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Terror attacks in Spain pose problems for Catalonia

Stefanie Müller
August 18, 2017

The attack in Barcelona and the incident in Cambrils could very well have political consequences for the future of Catalonia. Independence efforts may suffer a major setback, reports Stefanie Müller in Madrid.

Spanien Anteilnahme Trauer nach Terroranschlag in Barcelona
Image: Getty Images/AFP/P. Guyot

When a truck barreled through Las Ramblas, the beloved pedestrian walkway in central Barcelona, killing at least 14 and injuring dozens more, the so-called "Islamic State" (IS) was quick to claim responsibility. Earlier in the year the terrorist group had threatened to attack popular tourist destinations in Spain. They have possibly delivered their promise with Thursday evening's attack, in which most of the victims were tourists.

Read more: Merkel : Barcelona terrorists showed 'contempt for humanity'

Did Spanish officials suspect anything?

One day before the attacks, commuters met with unusually intense security measures on the highway heading south. César Martinez and his family were among those who witnessed the scene: "Armed units stopped us on the A7 by Malaga. We were treated like criminals and had the feeling that something bad had happened. But it ended up happening a day later."

Infografik Karte Barcelona Terror ENG

Did the police near Malaga that day know something? Following the attack, a 28-year-old Moroccan and a person who came from the Spanish autonomous city of Ceuta were apprehended. Their arrests put another aspect into focus: the growing immigration from Morocco to the Spanish coast, and the tensions in the autonomous cities of Ceuta and Melilla that have been rising as a result.

The Spanish and Moroccan intelligence services work closely together, at least at the intergovernmental level. Madrid has also agreed to additional economic arrangements with Rabat in order to help stem the flow of migrants, but since a crackdown on immigration in nearby Libya, there has been increased pressure on Morocco. Hundreds of refugees are stranded daily in the southern region of Andalusia, not far from the tourists who visit there to enjoy the sun and sand.

Show of strength in Catalonia

What seems to have become clear since Thursday's attacks is that Catalonia has a security problem, something the Catalonian newspaper El Periodico has pointed out several times in the past year. The autonomous region has, much like the Basque Country, its own police force, the "Mossos d'Esquadra," or "Mossos." It also has its own counterterrorism unit, which theoretically is controlled by Madrid. According to media reports, however, the unit hasn't been under the direction of the Spanish state for months. For many, the message is clear: Without Spain, Catalonia isn't safe. And that was also the message from the spokesperson for the ruling People's Party (PP), Rafael Hernando, during a television address on Friday: "What we need today is the experience of the Spanish state in the fight against terrorism."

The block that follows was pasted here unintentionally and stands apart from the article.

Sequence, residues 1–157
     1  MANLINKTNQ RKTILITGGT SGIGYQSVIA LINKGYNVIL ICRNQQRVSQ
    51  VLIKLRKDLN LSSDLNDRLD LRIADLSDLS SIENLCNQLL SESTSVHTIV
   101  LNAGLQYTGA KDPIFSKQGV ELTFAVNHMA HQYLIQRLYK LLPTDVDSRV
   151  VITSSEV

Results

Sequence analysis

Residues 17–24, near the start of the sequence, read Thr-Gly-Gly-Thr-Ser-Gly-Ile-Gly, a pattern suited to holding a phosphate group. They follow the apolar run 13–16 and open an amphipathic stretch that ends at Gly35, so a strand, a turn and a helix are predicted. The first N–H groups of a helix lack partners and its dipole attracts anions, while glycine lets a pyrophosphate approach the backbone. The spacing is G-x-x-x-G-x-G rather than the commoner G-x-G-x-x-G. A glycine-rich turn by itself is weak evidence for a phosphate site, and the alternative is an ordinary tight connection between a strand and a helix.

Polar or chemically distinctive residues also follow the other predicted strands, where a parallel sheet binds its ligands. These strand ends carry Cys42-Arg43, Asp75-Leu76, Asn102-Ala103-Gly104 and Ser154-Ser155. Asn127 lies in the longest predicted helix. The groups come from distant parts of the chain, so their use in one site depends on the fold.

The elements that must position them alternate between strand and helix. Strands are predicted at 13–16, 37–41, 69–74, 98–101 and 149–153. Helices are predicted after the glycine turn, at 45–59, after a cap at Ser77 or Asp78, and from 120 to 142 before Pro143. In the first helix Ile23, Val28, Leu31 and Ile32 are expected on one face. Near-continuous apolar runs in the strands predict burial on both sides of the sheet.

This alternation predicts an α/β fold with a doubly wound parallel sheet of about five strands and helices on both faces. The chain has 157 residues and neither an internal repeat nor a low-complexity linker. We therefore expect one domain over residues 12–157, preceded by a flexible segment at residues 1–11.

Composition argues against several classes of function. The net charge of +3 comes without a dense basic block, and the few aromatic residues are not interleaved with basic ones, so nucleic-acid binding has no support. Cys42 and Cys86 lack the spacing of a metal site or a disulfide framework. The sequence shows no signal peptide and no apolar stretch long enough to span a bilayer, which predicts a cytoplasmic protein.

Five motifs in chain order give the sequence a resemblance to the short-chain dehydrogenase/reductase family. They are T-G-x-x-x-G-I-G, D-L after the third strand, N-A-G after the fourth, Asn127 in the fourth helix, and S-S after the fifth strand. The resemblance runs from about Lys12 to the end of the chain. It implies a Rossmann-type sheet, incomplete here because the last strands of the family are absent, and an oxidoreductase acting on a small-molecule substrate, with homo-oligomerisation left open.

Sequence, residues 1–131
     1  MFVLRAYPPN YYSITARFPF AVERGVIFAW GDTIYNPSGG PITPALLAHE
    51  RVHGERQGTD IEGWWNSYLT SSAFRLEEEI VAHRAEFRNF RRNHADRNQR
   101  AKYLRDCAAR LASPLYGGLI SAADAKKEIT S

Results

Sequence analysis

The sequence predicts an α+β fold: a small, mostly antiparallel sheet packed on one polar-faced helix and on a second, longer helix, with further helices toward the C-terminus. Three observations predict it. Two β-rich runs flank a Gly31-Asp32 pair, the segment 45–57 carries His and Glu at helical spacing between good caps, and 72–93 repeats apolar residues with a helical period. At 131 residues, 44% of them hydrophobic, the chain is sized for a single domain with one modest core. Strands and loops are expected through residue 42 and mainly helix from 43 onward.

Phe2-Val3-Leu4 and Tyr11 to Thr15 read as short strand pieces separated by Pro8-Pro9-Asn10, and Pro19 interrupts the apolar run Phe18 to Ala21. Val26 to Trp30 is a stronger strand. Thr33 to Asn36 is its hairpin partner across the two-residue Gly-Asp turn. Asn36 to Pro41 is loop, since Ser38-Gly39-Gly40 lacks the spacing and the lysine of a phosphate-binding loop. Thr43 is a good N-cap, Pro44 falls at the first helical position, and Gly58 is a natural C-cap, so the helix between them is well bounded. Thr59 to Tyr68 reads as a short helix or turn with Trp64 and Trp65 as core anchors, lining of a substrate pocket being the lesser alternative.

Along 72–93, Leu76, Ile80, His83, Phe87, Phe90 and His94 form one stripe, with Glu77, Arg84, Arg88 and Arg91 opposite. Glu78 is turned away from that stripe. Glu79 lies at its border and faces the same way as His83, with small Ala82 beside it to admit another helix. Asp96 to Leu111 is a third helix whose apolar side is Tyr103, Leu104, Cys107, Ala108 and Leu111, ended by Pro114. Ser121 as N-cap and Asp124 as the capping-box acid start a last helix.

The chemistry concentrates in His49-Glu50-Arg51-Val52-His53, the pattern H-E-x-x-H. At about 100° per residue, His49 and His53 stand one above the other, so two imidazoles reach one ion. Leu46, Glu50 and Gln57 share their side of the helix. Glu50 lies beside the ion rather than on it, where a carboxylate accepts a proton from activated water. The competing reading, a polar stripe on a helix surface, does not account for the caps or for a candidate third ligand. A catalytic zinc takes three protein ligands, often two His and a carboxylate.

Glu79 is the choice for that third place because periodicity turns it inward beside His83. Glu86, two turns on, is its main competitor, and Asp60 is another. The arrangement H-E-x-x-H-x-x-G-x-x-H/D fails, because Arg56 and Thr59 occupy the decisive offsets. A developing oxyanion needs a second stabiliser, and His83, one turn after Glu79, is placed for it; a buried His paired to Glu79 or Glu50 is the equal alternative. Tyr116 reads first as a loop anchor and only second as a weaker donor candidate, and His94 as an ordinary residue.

King Felipe of Spain and Prime Minister Mariano Rajoy at minute of silence
Rajoy and King Felipe observe a minute of silenceImage: Reuters/S. Perez

This declaration has a clear double meaning: "Don't fear, we're here for you" and "Catalonia needs Spain." Of course, this message must be read in the context of Catalonia's burgeoning independence movement. On September 11 the National Day of Catalonia will be celebrated, and on October 1 a referendum has been organized for the region's independence - the second in Catalonian history. It is illegal under the Spanish constitution and has already led for the first time in three years to the arrest of a politician. Hernando hopes "that the police units will now work together and that this fight will be led by Spain, as it should be."

Independence on the shelf

Even as the number of the dead is still in question, a bitter fight is already beginning among the authorities as to whom is to blame for the attacks. Spanish Prime Minister Mariano Rajoy craftily used the moment to travel to Barcelona and call for national unity and cohesion. He had no Plan B for the possible independence of Catalonia, but now he can count on the fact that these efforts by the regional government will be suspended as attention shifts toward preventing another such attack.

Rajoy is proving his political instincts and has already announced that the national anti-terror unit - the largest in Europe due to the decades-long fight against the Basque separatist group ETA - will coordinate the investigations and further security measures for the region. "We have already won many fights against terrorism, and we Spaniards will win this one too," Rajoy said. The public still has yet to hear a response from the "Mossos."

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